Ben and I have been discussing the idea of him filming our iconic oil painting artist/hot rodder uncle Robert Williams for at least the past two years. What mainly prolonged the idea was the fact that Ben wanted to refine and hone his skill set before he mentioned it to Bob. This year has had more obstacles than ever before for everyone. Since Ben ended up having to do “at home college” this has allowed him more time to film and edit outside of his normal school schedule. Once our uncle “Bondo Bob” gave Ben the green light we quickly set up a time and day to do a “masked” social distanced production. We scouted locations and on a hot June day, we decided to knock out the driving shots and the interview in his garage and surrounding neighborhood. My main role is “camera car operator,” a second set of “art director eyes” and of course Ben’s assistant. The “masks” were an issue for communicating when we did the driving shots but we managed.
Ben had pre-written questions for the interview but uncle Bob made it a piece of cake for him as he has been interviewed so many times that he is a seasoned pro. In his very distinctive southern drawl, he rattled off all the answers in the way only he can tell a story.
While Ben completed the interview I wanted to get my aunt’s Von Dutch’ed Schwinn Stingray bike out of storage so we could use it in her Four Speed Films showcase Ben was planning in the very near future. Suzanne let me in their storage shed and I unpacked the neatly stored bike. We wrapped up the day by taking turns riding the Von Dutch’ed bike around their backyard while we all enjoyed iced coffee. We packed all our gear in the truck and discussed everything Ben would need to finish the project.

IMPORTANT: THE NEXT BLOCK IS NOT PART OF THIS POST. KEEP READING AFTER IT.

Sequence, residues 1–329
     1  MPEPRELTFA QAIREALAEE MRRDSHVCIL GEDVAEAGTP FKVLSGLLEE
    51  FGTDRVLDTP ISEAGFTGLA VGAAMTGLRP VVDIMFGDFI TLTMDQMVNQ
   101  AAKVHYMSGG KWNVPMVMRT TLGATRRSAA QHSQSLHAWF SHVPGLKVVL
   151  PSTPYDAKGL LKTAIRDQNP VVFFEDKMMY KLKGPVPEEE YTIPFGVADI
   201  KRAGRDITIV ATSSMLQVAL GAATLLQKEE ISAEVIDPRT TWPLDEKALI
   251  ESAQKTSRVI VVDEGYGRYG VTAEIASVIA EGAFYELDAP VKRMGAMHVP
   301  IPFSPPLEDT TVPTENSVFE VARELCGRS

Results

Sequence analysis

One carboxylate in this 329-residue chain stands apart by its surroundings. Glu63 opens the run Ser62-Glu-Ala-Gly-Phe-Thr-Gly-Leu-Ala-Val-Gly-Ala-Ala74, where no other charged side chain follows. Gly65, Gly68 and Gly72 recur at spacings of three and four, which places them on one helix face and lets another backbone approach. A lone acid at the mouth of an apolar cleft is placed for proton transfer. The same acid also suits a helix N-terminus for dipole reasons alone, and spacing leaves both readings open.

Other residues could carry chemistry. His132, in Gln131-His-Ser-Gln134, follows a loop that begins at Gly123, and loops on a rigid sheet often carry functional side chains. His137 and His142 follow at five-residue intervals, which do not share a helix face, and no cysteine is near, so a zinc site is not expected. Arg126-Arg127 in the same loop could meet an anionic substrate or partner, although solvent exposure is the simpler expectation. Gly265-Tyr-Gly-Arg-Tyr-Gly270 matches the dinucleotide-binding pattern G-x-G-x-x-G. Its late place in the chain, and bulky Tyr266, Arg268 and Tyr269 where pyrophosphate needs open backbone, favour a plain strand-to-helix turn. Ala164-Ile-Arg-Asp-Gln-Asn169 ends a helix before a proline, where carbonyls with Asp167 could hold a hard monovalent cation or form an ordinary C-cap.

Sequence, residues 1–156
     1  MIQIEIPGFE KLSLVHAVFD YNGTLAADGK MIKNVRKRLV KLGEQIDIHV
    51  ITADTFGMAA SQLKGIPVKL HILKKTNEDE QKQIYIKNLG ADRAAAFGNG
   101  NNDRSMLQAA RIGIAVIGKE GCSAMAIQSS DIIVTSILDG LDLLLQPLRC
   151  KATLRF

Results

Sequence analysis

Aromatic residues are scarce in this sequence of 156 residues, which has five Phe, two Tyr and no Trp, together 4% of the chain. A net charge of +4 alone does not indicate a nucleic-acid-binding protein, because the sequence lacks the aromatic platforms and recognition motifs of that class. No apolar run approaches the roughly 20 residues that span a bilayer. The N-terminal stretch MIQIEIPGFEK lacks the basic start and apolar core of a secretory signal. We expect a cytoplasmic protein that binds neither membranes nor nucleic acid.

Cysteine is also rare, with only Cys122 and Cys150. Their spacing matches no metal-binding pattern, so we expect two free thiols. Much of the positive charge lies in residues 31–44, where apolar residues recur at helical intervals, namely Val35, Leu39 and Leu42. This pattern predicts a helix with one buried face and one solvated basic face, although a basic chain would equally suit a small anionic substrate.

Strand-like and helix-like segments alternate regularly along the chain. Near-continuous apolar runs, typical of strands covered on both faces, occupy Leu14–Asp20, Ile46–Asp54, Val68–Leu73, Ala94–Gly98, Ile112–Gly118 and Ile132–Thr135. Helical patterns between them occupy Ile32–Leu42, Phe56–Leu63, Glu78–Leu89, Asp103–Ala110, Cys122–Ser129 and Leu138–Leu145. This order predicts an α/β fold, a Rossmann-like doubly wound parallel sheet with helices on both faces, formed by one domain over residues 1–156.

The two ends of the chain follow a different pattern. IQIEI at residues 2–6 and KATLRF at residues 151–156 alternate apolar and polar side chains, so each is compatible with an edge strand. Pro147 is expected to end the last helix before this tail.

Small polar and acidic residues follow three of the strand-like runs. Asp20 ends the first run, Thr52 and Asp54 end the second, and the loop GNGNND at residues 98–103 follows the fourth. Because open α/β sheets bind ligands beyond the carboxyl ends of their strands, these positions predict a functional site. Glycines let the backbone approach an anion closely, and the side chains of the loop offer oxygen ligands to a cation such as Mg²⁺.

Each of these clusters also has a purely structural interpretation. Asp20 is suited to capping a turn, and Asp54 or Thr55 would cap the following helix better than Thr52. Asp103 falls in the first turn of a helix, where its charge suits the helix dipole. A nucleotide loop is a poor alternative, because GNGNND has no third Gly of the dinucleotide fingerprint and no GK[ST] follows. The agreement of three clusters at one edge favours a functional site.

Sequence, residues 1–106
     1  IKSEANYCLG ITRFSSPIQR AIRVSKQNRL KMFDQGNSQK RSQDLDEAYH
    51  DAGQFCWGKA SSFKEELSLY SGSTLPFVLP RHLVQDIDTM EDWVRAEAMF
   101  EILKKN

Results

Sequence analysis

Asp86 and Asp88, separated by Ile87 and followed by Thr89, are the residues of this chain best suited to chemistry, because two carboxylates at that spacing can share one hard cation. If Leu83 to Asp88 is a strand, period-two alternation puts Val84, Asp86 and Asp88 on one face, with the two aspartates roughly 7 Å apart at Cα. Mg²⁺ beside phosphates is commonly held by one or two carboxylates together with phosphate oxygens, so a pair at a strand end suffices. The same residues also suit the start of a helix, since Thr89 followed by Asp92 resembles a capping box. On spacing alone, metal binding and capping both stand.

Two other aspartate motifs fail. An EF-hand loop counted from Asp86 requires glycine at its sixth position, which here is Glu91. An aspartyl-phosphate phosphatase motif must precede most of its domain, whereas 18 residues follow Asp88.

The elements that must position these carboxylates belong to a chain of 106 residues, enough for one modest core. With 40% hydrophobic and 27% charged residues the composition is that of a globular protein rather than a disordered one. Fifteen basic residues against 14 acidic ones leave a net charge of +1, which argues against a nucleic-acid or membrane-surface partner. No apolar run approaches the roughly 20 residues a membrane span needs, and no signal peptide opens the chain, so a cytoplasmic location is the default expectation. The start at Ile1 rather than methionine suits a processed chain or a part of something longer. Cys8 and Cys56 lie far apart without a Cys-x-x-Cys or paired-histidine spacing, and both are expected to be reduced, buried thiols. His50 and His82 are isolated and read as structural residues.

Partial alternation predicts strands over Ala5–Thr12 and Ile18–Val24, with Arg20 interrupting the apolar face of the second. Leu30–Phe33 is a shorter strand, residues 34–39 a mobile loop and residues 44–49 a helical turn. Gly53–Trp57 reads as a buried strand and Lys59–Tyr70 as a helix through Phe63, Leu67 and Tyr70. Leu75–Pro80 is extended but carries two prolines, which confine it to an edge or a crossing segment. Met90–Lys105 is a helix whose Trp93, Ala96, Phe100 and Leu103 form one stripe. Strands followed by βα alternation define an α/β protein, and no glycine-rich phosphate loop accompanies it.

The next step was where the real work began for us. My task was to dig through all my old photos and find the vintage magazines we would need. I also gathered up my massive Robert Williams archive while Ben had to sort through all his raw footage. That turned out to be quite a task as I was not as organized as I had once been. We ended up buying a used scanner to digitize a bunch of images that would become overlays. Ben shot the rest of the ephemera to use as B-roll. It was a pretty lengthy and involved process going through my hoard of stuff, and also a great time to get more organized at the same time. Once all the B-roll was shot and the images scanned, Ben had about ninety percent of what he needed. Anything else would be handled as “holes” in the visual story became apparent. Over the next couple of weeks and 60 hours later Ben’s mini-documentary on his uncle's ’32 Ford roadster became much more elaborate than our initial intention.
Ben said he learned a bunch of new things about his uncle through the process of completing this mini-documentary. He also acquired some new skills in the way he handled filming the “archive” and objects for B-roll. One of the trickiest parts of this whole process was when it came time to actually showing uncle Bob the finished product due to the fact that he doesn’t own a computer. Consequently, Bob had to watch it on the small screen of an iPhone for the first time. I’m sure Ben would have preferred him to watch it on a TV or a big computer monitor. But in the end, the thing that was most important for Ben was getting a positive reaction from his uncle. After Bob viewed the film he called right away and told us how impressed and happy he was. Receiving uncle Bob’s approval was a very satisfying accomplishment for Ben.